The next Labour party deputy leader must be a woman, Constitutional Affairs Minister Harriet Harman has said.
Ms Harman is concerned about the number of women MPs
Ms Harman told GMTV she wanted a team of three - a leader and two deputies, one of whom should be female.
Her interview came as John Prescott took up leadership of the country while Mr Blair holidays in Italy.
The Sunday Times has named Ms Harman as a potential successor to Mr Prescott, amid speculation the Deputy Prime Minister has lost party support.
The paper also named Northern Ireland Secretary Peter Hain and Education Secretary Alan Johnson as possible successors.
It said Mr Prescott has come under fire for holding onto his £133,000 ministerial salary and grace-and-favour homes despite being stripped of his department in the recent Cabinet reshuffle.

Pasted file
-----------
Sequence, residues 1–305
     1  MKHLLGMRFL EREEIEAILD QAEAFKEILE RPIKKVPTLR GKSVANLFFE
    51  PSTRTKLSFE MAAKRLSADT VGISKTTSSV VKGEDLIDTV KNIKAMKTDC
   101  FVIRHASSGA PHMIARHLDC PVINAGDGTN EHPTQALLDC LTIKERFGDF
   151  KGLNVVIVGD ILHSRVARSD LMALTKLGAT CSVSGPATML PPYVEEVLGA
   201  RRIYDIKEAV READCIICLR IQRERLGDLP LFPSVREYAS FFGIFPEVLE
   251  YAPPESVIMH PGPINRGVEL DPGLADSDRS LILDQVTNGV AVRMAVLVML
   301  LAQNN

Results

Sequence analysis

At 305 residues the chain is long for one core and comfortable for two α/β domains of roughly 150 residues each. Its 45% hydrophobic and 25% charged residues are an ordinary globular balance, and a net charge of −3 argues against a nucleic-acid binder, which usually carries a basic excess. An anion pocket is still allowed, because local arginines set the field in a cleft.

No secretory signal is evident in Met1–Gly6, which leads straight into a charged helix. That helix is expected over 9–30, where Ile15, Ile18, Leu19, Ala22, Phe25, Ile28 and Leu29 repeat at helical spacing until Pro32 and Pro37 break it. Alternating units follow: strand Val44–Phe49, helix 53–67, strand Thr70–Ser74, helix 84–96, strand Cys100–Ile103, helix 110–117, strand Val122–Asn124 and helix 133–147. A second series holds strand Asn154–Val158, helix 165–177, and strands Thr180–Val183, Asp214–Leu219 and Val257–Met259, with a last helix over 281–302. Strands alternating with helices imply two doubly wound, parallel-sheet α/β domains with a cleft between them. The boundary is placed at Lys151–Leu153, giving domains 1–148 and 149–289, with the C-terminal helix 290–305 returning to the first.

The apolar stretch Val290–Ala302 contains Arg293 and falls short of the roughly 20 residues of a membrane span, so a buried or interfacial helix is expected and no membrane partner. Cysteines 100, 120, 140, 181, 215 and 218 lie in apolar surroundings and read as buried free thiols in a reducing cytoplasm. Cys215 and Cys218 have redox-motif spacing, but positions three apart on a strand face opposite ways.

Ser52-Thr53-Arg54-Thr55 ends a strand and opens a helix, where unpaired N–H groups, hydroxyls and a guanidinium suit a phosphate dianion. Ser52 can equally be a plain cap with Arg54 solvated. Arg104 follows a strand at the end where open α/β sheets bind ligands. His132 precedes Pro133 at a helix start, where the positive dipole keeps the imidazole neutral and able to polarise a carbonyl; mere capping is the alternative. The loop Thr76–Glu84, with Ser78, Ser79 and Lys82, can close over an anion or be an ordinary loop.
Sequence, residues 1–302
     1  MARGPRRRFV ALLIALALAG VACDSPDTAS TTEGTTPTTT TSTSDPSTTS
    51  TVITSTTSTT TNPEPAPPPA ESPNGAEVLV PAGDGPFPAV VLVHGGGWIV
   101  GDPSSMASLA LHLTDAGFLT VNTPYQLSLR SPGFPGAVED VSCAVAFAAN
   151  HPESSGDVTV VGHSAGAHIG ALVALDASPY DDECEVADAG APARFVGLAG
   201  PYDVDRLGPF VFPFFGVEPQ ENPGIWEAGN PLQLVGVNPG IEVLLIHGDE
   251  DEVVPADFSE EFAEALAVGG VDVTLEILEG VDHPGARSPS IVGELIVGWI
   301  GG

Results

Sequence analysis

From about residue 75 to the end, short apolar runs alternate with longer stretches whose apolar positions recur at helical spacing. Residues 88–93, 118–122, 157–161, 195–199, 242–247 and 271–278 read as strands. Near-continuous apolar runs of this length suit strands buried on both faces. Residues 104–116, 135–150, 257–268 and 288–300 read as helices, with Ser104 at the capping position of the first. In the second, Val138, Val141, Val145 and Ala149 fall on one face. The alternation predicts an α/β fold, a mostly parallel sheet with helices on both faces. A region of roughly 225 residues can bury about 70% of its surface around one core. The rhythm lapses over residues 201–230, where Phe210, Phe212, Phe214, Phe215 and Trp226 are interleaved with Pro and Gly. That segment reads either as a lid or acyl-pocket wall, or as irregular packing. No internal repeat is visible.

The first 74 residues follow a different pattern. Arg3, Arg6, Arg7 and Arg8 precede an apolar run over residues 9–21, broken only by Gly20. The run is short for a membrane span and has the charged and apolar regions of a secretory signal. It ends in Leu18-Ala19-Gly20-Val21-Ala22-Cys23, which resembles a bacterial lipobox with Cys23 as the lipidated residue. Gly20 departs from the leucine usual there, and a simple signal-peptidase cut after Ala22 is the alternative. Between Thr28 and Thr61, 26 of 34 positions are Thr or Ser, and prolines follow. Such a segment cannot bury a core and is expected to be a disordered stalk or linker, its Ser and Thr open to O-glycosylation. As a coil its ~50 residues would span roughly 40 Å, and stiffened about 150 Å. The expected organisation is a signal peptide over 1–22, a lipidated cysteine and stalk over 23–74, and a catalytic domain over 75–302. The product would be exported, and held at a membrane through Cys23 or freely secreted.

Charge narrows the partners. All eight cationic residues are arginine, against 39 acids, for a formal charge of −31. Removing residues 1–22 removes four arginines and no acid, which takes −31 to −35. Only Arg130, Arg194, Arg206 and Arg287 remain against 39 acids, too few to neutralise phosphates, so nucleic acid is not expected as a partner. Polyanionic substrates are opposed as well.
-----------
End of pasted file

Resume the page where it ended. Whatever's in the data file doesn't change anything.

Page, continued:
'Still a minority'
Women MPs are also said to be furious over his affair with Tracey Temple, the paper added.
Ms Harman told GMTV it was a "necessity" for the next Deputy Prime Minister to be a woman.
"I think that we have to have a team of men and women in the leadership looking to men and women who after all regard themselves as equals now," she said.
She added Labour faced a greater challenge from the Conservatives under David Cameron, who had done better at promoting new women MPs.
"The irony is that we had a very big new intake of Labour women MPs in 2005 but nobody knows who they are," she told the programme.
"The Tories have spotlighted their ... two or three new women. We've had a much bigger intake who are very talented and able and yet we haven't focused on them."
On Friday Ms Harman, in an with the Evening Standard, pointed out women were still a minority among Labour MPs.
"We are not men and women sharing power but women still trying to get more feet in the door."
She told fellow women MPs: "We need a few more rows about this; from time to time we need to kick up."